A Dynamic Link Library (DLL) is a Windows executable library module containing one or more Subs, Functions, or classes that can be called by executables or other DLLs. Unlike executables, DLLs do not have a single entry point. Instead, like libraries, DLLs have multiple entry points, one for each exported Sub, Function, or classes.
To get a better idea of how a DLL works, it helps to understand the difference between static and dynamic linking. Static linking is the process of writing one or more modules, and then linking them, along with whatever other run-time, third-party, etc., libraries that may be needed to create a complete, stand-alone executable program. When a program uses a Sub or Function from a static-link library, a copy of that Sub or Functions code is statically linked into the programs executable file.
If two programs that are running concurrently use the same routine from a library, they would each have their own copy of that routine. It would be more efficient if the two programs could share a single copy of the routine. DLLs provide that capability by resolving your application's references to external procedures at run-time.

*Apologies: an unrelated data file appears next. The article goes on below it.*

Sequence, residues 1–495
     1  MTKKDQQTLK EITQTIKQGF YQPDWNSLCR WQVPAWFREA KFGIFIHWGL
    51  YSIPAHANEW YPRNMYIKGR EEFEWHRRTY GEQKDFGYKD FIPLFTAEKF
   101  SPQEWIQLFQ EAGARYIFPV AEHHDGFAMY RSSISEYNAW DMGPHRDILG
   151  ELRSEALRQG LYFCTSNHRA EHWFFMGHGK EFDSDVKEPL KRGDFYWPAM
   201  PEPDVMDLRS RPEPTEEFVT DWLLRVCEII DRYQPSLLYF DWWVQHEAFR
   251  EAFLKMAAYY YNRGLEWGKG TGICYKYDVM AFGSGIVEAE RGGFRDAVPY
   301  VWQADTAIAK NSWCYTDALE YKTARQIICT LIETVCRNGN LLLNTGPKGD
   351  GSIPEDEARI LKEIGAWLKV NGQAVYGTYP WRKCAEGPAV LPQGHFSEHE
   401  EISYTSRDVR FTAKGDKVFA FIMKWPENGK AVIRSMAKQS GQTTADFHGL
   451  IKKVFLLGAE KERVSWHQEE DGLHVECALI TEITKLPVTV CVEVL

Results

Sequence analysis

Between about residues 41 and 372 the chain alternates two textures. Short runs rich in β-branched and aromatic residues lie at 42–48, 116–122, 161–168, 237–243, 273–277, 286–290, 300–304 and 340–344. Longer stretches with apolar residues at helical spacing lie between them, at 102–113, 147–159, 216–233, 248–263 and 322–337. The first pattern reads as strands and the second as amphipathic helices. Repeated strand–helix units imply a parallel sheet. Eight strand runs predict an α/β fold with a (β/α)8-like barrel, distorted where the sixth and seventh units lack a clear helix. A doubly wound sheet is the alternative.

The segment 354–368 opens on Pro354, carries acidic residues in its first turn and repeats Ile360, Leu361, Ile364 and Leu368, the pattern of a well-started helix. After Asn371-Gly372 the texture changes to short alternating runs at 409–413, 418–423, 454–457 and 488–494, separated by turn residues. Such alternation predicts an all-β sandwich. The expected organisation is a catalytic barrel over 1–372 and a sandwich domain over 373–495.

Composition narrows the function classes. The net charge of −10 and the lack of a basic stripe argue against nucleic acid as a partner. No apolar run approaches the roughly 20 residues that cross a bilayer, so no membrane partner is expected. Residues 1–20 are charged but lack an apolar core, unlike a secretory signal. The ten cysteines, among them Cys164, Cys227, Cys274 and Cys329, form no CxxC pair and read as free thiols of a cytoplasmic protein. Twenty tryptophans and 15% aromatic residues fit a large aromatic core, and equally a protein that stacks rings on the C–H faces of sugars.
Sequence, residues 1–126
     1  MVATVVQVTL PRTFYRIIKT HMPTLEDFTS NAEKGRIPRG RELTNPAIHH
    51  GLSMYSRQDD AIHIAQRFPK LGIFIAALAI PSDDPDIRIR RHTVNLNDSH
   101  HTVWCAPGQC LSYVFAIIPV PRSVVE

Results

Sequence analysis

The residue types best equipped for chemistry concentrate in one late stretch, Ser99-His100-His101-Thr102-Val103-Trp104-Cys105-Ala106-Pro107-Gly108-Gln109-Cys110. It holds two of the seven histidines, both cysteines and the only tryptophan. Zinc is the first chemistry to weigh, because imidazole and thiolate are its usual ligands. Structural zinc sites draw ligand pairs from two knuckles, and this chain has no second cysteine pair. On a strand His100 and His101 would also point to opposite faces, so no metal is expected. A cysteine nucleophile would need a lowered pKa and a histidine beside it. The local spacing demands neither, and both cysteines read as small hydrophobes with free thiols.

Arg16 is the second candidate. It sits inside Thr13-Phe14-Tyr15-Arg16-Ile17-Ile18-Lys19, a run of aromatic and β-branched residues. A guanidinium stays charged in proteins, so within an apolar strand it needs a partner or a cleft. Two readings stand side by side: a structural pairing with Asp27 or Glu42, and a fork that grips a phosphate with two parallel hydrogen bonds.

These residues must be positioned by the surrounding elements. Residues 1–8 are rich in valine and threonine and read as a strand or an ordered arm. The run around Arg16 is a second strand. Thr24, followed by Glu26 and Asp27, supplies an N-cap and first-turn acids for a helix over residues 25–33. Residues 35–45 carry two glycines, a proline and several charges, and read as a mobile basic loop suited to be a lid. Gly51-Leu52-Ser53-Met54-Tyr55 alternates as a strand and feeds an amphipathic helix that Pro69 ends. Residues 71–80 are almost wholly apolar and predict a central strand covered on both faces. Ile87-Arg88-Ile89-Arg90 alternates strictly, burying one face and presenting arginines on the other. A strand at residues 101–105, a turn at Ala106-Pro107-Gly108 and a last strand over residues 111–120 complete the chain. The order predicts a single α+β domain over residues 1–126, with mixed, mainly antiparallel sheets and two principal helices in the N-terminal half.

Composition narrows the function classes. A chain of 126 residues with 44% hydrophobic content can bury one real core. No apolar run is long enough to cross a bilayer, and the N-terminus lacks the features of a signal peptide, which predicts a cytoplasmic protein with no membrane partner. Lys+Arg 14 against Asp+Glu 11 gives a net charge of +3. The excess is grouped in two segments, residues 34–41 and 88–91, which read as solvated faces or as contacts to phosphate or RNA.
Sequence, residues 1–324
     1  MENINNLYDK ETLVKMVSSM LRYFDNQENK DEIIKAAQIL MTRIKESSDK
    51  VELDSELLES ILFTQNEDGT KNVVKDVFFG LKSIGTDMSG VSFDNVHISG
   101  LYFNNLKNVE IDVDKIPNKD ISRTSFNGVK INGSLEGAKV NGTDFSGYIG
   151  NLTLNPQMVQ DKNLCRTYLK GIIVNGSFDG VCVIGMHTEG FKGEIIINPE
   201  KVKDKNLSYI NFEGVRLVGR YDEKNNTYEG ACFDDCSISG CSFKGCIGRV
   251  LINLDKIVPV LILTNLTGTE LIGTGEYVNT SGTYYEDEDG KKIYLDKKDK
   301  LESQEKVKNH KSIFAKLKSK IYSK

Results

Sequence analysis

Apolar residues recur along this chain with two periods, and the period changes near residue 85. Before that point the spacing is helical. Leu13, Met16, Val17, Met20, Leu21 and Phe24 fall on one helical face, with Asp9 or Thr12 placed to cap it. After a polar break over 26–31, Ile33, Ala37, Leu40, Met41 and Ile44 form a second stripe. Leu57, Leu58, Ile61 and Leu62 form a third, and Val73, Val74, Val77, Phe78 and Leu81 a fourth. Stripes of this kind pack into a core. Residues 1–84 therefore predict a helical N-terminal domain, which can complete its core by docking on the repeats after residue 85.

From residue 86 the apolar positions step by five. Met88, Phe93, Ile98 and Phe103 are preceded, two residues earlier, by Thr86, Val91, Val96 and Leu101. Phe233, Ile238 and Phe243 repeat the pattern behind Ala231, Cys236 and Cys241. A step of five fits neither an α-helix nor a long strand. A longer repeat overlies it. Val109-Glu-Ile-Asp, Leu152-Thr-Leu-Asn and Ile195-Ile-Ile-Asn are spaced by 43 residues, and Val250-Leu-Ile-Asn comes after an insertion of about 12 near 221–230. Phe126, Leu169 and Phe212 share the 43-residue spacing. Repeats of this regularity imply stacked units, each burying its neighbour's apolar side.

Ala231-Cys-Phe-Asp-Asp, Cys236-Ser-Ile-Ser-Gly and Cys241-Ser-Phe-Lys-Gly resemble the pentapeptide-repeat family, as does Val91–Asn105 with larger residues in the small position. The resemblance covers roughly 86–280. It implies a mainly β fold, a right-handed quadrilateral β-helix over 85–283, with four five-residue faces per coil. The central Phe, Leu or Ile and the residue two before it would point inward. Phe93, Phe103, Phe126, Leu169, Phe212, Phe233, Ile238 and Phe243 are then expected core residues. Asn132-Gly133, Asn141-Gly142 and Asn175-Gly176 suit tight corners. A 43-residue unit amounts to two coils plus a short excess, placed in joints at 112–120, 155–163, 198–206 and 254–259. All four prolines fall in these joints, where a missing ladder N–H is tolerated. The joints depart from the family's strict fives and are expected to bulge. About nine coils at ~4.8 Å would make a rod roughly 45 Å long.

In contrast to a static-link library, the code in a DLL is not linked into a program that uses the DLL. Instead, a DLLs code and resources are in a separate executable file, usually with a .DLL extension. This file must be present when the application runs. You will still have to write one or more modules to implement the functions that are specific to your application.
However, the linking process is divided into two stages. You first place DECLARE statements into your application to temporarily satisfy the references your program makes to the DLL services, in order to create an EXE (or DLL) file. The second stage happens at run-time, when your program calls one of the DLLs services.
At that time, the Function calls in the program are dynamically linked to their entry points in the DLL(s). The operating system resolves external references by establishing a link between the application calls and the code, in the DLL, that implement the required functions. The Windows environment supports both static and dynamic linking.
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